🇺🇸@COVID19Up: The National Institutes of Health (NIH) said Tuesday that the testing of blood samples from an ongoing NIH research program has identified people infected with SARS-CoV-2 from at least five U.S. states in December 2019 and early 2020, months before those states officially reported their first infections.
The large government study is providing new evidence that SARS-CoV-2 was spreading across the United States before scientists even knew it existed. Their findings were published by the journal Clinical Infectious Diseases on Tuesday.
Researchers have found more evidence that coronavirus was circulating at low levels across the United States as early as December 2019 — weeks before the first officially reported cases. https://t.co/G9xJs0SsZQ
— CNN (@CNN) June 15, 2021
Calling the finding another “piece of the puzzle” in terms of when and how the pandemic began, scientists say this offers additional evidence that SARS-CoV-2 may have been spreading in the U.S. in December 2019.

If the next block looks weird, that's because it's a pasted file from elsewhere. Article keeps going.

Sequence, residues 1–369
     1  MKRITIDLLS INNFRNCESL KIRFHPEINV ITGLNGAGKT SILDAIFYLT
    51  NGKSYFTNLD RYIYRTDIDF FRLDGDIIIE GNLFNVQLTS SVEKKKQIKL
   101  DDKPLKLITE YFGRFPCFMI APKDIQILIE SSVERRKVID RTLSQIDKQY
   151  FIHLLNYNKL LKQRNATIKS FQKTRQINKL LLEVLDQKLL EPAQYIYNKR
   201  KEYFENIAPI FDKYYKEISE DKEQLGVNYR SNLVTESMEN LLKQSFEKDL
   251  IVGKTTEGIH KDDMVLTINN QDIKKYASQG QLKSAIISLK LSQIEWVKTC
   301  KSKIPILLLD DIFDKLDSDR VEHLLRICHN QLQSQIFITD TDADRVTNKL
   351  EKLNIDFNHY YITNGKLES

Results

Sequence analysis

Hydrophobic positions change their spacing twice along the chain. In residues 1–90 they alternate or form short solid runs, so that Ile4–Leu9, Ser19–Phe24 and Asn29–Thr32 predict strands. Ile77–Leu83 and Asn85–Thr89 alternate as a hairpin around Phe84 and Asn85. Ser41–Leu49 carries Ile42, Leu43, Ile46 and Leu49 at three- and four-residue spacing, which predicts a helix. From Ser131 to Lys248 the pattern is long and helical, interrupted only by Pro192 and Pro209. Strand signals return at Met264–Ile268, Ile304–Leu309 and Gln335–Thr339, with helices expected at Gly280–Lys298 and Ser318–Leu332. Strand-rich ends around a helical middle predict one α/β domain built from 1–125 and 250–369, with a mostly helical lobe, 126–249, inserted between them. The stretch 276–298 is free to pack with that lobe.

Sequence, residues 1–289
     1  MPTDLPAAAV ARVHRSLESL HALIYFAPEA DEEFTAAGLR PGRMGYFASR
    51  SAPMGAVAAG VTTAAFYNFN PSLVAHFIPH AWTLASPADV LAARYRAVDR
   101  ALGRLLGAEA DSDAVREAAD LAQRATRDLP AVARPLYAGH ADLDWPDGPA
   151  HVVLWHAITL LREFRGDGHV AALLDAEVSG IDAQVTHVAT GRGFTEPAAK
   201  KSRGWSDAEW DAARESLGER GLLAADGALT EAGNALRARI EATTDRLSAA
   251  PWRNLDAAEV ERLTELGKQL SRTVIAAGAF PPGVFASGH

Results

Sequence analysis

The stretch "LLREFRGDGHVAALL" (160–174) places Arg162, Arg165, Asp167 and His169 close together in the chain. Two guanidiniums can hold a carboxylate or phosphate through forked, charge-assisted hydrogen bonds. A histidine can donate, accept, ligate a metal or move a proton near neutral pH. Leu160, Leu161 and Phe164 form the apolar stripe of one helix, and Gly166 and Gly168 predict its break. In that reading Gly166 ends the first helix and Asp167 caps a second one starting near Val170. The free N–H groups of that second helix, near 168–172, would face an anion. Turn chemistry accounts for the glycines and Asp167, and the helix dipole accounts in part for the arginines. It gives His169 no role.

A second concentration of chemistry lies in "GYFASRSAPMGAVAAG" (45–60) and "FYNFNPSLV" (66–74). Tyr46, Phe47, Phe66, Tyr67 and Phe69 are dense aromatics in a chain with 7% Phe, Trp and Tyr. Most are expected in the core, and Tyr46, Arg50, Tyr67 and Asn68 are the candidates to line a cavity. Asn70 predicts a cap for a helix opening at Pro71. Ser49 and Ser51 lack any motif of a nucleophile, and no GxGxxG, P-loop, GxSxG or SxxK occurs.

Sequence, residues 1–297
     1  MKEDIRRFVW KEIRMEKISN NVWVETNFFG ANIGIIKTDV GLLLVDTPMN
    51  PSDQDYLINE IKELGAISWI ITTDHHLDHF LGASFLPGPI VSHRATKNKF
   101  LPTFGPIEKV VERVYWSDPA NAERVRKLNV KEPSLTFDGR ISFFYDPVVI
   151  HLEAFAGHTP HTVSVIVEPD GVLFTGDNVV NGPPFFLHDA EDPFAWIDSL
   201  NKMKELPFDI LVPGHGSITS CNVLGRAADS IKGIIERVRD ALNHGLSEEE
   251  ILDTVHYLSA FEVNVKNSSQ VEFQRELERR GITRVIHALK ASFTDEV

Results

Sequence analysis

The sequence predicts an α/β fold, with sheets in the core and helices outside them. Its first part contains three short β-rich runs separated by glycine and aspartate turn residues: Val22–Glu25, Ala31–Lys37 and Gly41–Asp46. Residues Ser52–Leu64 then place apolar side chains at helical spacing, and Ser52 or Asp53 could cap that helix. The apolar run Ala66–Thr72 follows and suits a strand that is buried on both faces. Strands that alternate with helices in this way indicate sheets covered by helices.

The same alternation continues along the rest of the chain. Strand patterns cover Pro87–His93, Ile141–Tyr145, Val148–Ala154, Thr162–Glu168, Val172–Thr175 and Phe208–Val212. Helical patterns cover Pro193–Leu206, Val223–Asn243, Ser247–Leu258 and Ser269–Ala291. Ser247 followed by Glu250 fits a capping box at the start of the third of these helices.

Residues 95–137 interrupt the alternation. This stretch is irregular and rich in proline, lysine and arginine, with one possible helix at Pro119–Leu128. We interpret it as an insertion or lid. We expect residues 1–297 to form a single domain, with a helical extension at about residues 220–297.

“We haven’t followed up with these participants to know if they had traveled outside the U.S., or had contact with folks who traveled outside the U.S. But, it is important, for future pandemic planning, to know what’s happening during periods of low prevalence in epidemics, such as this,” Sheri Schully, a co-author of the paper, told Axios.
They did not examine blood samples prior to January 2, 2020.
A Pattern Emerges
Researchers at Barcelona University previously detected the presence of SARS-CoV-2 in samples of Barcelona’s wastewater as far back as March 12, 2019.
These results, sent to a high impact journal and published in the archive medRxiv, suggest SARS-CoV-2 was present in Spain nearly a year before any COVID-19 cases were officially reported.
Additionally, samples from another study suggesting that SARS-CoV-2 was in Italy by October 2019 were re-tested at the WHO’s request earlier this month.